Tomblin Calls Special Session on Marcellus Drilling

Charleston Gazette
9 December 2011
By Lawrence Messina

CHARLESTON, W.Va. (AP) -- West Virginia's Legislature will convene Sunday night to take up proposed rules for drilling in the Marcellus shale natural gas field, after Gov. Earl Ray Tomblin concluded Friday that enough lawmakers supported the draft bill patched together in recent months.

Tomblin said the measure will include permit fees of $10,000 for an initial well and $5,000 for each additional well drilled at that site. Another provision would require 650-foot spaces between wells and occupied buildings, Tomblin said in a statement. Another outlines advance notice and other protections for owners of surface property that host wells, including when others own the gas mineral rights.

"We have the opportunity to pass landmark legislation that will be a significant step forward in the development of the Marcellus Shale in West Virginia,'' Tomblin said in the statement. "I believe we can complete the legislation next week.''

Lawmakers were already scheduled to arrive at the Capitol on Monday for the month's three-day series of study meetings. Tomblin wants them to consider a tweaked version of the draft bill endorsed in November by a special House-Senate committee after months of work that included a series of public hearings.

The mile-deep Marcellus Shale formation stretches beneath much of West Virginia as well as parts New York, Pennsylvania and Ohio. It is considered one of the biggest reserves in the world, estimated to contain between two and six times as much natural gas as the entire U.S. industry produced for market in 2009, the latest year for which federal figures are available. West Virginia's sits above about 22 percent of those reserves, though available technology has drillers focused on developing the state's northernmost counties.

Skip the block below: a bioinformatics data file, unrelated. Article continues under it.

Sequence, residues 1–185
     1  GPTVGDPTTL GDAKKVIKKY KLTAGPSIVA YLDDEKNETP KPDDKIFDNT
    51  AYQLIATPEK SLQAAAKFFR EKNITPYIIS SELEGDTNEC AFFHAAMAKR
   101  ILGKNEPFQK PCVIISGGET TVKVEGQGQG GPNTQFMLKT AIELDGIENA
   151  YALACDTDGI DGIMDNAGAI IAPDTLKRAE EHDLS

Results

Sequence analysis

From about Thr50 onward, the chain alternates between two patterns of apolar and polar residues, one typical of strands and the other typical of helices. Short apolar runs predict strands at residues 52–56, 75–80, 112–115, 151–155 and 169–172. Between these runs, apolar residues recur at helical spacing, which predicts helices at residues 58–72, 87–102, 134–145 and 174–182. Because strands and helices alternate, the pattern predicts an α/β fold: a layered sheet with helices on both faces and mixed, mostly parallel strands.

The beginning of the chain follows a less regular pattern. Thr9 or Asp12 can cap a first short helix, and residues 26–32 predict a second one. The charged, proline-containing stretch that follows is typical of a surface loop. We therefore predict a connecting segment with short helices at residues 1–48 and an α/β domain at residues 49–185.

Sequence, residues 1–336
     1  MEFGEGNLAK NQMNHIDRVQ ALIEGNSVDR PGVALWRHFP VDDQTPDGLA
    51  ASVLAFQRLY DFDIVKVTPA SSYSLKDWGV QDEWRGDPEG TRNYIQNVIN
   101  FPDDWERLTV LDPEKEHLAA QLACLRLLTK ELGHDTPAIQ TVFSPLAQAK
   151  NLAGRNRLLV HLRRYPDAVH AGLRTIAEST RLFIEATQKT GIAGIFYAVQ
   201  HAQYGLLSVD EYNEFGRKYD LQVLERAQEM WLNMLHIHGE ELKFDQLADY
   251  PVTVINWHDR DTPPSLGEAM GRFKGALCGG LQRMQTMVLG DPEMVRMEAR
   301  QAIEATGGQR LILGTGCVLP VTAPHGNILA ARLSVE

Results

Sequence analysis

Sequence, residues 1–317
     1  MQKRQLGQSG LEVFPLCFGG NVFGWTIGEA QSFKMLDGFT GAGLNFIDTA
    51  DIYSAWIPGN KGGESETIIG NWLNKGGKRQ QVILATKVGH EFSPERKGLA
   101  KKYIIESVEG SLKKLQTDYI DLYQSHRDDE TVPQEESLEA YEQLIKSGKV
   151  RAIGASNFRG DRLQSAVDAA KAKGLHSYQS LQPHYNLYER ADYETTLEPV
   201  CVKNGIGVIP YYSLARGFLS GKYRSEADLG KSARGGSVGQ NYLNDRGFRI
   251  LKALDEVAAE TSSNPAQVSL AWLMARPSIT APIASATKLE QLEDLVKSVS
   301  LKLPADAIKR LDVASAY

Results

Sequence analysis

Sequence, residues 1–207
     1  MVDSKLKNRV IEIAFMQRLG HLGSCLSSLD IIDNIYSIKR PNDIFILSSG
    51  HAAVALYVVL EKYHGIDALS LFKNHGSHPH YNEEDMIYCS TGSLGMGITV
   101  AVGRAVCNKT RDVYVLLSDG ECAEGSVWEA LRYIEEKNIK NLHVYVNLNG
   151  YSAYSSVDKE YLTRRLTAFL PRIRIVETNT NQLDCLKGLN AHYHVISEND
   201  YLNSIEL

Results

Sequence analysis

Tomblin aides began meeting with legislative leaders following the joint committee's November endorsement, as well as with representatives from industry, environmental groups and surface owners.

"Working with Legislative leaders, I believe we now have sufficient consensus on a piece of legislation that is in the best interest of West Virginia,'' said Tomblin, a Democrat.

The Legislature proved unable to pass a Marcellus rules bill during the 2011 regular session.

House Speaker Richard Thompson and Senate President Jeff Kessler formed the special committee with a goal of pursuing a measure that could win special session passage before the 2012 session, which begins in January.

At Tomblin's order, the state Department of Environmental Protection also issued an emergency regulatory rule in August. It requires drillers to explain how they'll protect area land, manage the large volumes of water involved, and respond to accidents.

Lawmakers are expected to review those provisions as the department seeks a permanent rule. The special session bill, meanwhile, also addresses spacing between wells and such water sources as private wells, streams and wetland areas. The fee levels, which industry groups balked at earlier this year, are meant to fund the additional field inspectors and office staff DEP needs to oversee the Marcellus drilling permits and wells.

Marcellus wells can require operators to drill horizontally toward the reserve, and not vertically as is usually the case with conventional wells. Operators may also crack the shale with a high-volume, high-pressure mix of water, chemicals and sand.

This technique of hydraulic fracturing, or fracking, has spurred concerns that range from the potential draining of area water supplies to the storage or disposal of frackwater afterward. Whether fracking can contaminate drinking water has been a key question in the Marcellus debate.